We compare only one alternative—the hybrid equilibrium—to the handicap theory. Thus one should not conclude from this study that the hybrid equilibrium is the most plausible mechanism for signaling. Further work should be conducted comparing the other alternatives to the handicap mechanism and to each other.
As with previous work, this analysis is restricted to a single evolutionary dynamics which is deterministic and features no mutation. Huttegger and Zollman  show that, in a game similar to the Sir Philip Sidney game, the significance of the hybrid equilibrium increases when mutation is introduced. Further work is needed to determine whether the equilibrium remains significant when stochastic factors, like drift, are modeled explicitly.
Hybrid equilibria have been shown to exist in a number of games with structures similar to the Sir Philip Sidney game [28, 32]. So far all models of the hybrid equilibrium consider games where the space of relevant states (in this case whether the child is needy or healthy), the space of possible signals, and the space of possible responses is discrete. (These have come to be called “discrete action–response games” [17, 19].) There exist other signaling models where some or all of these are continuous—for example, where the child’s state of need is a variable drawn from an interval [25, 30, 33, 41].
It is unclear the extent to which nature is better modeled by the discrete or continuous games. In many biological contexts, continuous variables become discrete because of the existence of important thresholds or discrete responses (mating is perhaps the most clear example of such a case). But, undoubtedly some biological interactions more closely resemble the continuous model than the discrete one. If a hybrid-like equilibrium were to exist in these continuous games it would look somewhat different because it would likely require that the child adopt a probability distribution over all possible signals for each type (and similarly for the parent). Little is known about the existence of these equilibria in these contexts, and future work should endeavor to see if they exist.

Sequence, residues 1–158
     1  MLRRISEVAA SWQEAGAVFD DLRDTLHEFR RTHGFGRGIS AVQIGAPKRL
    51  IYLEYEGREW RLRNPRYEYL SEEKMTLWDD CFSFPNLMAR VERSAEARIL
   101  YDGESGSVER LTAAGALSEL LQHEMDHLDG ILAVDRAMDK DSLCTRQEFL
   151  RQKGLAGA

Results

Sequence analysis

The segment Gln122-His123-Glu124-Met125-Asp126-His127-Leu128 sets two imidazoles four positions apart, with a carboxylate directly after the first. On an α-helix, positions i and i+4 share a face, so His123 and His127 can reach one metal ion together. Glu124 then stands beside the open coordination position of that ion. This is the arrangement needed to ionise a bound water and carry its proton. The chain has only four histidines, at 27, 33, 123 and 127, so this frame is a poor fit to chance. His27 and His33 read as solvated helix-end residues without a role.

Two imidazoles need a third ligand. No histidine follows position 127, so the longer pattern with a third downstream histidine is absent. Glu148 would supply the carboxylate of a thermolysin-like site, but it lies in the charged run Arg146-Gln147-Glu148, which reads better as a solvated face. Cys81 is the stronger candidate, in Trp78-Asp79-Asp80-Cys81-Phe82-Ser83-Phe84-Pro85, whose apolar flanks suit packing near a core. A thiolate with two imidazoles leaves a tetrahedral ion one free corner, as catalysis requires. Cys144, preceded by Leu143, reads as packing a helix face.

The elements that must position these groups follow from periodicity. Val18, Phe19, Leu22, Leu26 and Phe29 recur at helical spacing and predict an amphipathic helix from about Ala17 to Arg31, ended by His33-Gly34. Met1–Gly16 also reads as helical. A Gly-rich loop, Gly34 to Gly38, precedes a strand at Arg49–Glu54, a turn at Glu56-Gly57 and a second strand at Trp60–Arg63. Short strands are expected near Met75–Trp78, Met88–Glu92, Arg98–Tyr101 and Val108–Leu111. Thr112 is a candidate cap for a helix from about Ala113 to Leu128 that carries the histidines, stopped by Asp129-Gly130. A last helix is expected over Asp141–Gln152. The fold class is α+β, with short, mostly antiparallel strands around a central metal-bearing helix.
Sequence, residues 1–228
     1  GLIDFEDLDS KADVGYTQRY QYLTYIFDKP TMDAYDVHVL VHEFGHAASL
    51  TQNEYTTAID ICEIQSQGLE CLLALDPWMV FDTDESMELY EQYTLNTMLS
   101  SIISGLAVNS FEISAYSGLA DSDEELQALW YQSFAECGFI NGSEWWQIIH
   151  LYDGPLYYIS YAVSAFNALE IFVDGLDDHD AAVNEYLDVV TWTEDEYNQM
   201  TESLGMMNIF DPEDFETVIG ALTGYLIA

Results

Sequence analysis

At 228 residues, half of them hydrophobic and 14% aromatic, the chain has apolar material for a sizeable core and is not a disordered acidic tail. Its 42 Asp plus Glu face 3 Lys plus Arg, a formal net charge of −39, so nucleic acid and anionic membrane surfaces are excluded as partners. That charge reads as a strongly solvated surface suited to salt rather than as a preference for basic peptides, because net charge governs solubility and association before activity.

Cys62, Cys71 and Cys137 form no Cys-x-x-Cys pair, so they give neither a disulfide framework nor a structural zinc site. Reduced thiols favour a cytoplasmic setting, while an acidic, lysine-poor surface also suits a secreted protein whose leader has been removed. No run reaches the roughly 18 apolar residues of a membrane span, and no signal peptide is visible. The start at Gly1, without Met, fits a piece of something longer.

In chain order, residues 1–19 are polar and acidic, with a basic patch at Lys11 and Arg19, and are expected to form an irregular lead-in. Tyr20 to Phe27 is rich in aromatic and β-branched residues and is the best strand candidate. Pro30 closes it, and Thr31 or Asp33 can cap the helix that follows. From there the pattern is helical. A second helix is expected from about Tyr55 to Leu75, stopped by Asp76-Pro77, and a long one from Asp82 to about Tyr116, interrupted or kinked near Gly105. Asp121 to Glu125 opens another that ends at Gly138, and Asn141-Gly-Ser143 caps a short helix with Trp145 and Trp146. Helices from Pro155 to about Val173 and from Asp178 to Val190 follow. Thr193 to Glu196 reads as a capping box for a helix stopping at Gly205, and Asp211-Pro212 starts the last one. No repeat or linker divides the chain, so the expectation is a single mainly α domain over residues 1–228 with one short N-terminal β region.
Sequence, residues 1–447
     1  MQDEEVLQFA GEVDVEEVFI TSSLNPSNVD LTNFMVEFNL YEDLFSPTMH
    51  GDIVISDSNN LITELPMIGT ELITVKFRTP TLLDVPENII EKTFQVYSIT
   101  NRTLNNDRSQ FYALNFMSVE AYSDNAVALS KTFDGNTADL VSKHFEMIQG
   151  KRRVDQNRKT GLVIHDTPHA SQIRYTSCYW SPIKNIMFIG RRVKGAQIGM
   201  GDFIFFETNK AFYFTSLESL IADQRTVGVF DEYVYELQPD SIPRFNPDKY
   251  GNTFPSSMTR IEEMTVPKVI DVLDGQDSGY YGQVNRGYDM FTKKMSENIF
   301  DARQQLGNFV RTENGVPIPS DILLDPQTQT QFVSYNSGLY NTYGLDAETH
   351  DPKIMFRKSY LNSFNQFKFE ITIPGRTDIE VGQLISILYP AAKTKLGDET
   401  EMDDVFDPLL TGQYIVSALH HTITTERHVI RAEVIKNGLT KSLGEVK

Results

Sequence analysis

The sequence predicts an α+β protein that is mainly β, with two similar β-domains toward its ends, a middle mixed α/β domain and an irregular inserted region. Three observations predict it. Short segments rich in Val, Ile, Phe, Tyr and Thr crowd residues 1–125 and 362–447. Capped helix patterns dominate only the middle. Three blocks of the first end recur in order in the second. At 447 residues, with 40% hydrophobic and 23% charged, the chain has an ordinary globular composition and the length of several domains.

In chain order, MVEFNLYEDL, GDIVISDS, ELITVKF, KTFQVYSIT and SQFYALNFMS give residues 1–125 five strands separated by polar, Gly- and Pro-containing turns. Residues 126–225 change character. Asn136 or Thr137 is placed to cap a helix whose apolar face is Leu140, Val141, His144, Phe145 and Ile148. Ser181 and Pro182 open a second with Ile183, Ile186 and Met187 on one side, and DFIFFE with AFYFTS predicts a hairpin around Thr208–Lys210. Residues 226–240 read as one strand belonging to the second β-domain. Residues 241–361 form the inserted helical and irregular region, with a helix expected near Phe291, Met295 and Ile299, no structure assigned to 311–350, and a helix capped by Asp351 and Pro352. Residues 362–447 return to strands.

Honesty in communication systems where there is an incentive for deception provides a vexing evolutionary mystery. While the handicap principle provides one potential solution for this mystery, the results reported here suggest it is a rather implausible one. Instead, the hybrid equilibrium explanation offers a more plausible alternative.
Further work is needed to determine if the hybrid equilibrium exists in nature. Zollman, Bergstrom, and Huttegger  note that in some cases, this equilibrium may look like a noisy version of the signaling equilibrium unless the proper statistical tests are performed. As a result, the same data might be used, with novel statistical tests, to look for the hybrid equilibrium. They suggest a number of salient features of the hybrid equilibrium which would lend themselves to empirical test. These include variation in both the child population with respect to signaling behavior and variation in the parent population in responsiveness to the signal. This current study suggests that the hybrid equilibrium is more plausible than the handicap mechanism, and is therefore worthy of empirical study.